Howard Dean, Tim Pawlenty, Politico senior political "reporter" Maggie Haberman, and Todd Purdum from Vanity Fair in today's This Week roundtable with Jonathan Karl in the usual mix of Village conventional wisdom and occasional glimmers of reality -- mostly in the form of Howard Dean:
KARL: Look into the crystal ball here for the next couple of days. And we're going to get your predictions for next year, but just over the next couple of days, based on what you heard here today from the senators and then the raucous discussion with the House members, each of you, do you think that the deal is going to happen? And if it happens, is it going to pass House and Senate?
PAWLENTY: There will be a deal. I'm a little pessimistic, unfortunately, at the moment. I hope they could get over the cliff and avoid this January 1st cutoff, but if they do go over the cliff, my hope is that they can put something together as early as possible in January, but I'm a little pessimistic about whether they can get that done by December 31st midnight.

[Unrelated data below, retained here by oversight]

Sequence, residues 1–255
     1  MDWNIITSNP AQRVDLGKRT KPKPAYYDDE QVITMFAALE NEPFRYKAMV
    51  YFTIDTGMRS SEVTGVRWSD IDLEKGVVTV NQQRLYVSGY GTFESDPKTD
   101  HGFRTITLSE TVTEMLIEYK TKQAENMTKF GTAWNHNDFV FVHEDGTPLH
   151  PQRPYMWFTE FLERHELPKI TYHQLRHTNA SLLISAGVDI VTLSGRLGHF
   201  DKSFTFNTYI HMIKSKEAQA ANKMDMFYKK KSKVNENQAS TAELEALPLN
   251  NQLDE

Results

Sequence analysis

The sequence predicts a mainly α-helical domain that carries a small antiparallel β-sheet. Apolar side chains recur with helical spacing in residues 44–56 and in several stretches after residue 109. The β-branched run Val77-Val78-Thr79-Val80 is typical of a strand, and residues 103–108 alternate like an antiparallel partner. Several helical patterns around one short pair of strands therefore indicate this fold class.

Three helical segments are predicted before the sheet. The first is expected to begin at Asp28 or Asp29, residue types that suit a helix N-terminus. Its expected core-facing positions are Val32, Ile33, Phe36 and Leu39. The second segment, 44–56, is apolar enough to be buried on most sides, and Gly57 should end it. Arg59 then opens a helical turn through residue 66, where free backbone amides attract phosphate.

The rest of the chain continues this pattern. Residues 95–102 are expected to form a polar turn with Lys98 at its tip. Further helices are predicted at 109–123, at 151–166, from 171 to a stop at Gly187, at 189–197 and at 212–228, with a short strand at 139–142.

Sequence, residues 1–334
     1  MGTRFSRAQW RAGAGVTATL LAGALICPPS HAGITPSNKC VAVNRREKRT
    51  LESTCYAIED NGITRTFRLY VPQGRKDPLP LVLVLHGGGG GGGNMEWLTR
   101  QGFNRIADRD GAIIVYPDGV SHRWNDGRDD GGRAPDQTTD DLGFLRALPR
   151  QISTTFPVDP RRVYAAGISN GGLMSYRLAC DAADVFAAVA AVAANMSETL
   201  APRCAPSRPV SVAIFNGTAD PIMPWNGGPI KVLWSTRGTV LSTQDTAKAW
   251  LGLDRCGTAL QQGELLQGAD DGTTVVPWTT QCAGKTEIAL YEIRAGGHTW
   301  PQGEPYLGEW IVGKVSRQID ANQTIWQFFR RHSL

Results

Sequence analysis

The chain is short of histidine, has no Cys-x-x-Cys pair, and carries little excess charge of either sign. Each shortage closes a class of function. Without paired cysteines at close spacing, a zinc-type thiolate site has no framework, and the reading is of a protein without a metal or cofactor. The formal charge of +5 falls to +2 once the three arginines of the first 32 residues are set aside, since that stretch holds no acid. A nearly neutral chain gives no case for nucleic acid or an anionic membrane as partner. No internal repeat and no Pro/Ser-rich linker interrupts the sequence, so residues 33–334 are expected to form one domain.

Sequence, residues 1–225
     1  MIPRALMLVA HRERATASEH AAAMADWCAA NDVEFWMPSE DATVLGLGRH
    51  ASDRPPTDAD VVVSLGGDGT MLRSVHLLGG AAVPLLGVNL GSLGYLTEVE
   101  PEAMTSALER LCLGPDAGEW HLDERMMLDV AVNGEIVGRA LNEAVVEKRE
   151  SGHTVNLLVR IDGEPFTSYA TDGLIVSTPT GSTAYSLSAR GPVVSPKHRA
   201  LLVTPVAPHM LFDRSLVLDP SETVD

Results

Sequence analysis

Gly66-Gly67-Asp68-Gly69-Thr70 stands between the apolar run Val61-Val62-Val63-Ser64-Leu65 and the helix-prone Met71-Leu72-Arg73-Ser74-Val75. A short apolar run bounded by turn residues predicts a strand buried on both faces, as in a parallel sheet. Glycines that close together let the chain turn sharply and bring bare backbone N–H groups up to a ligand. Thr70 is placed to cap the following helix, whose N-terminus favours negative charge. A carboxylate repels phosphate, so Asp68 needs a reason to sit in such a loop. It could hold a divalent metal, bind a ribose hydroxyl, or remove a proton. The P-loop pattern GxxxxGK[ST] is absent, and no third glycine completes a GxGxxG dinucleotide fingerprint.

HABERMAN: I'm where the governor is. I mean, I think that the -- I understand that Schumer and Kyl are optimistic, but there's not much coming out of the House right now that seems positive. I do think there will be some framework.
DEAN: It's the best thing for the country to go over the cliff right now. It's not a great thing for...
KARL: But will we?
DEAN: Yeah. It's not a great thing for the country, but it's the best of all the alternatives.
PURDUM: Well, they'll have to do something, and the market's reaction on Wednesday morning, if they haven't done anything tomorrow, may be the next wedge that will...
DEAN: It will be, although I predict ultimately that if we go over the cliff and stay over the cliff, six months from now, the Dow will be at 15,000. You know why? The biggest uncertainty in the market is not taxes and blah, blah, blah.
KARL: Size of the deficit.
DEAN: It's the size of the deficit. If you go over the cliff, you've done something for the first time really serious about the deficit. All of a sudden, the financial horizons look pretty good.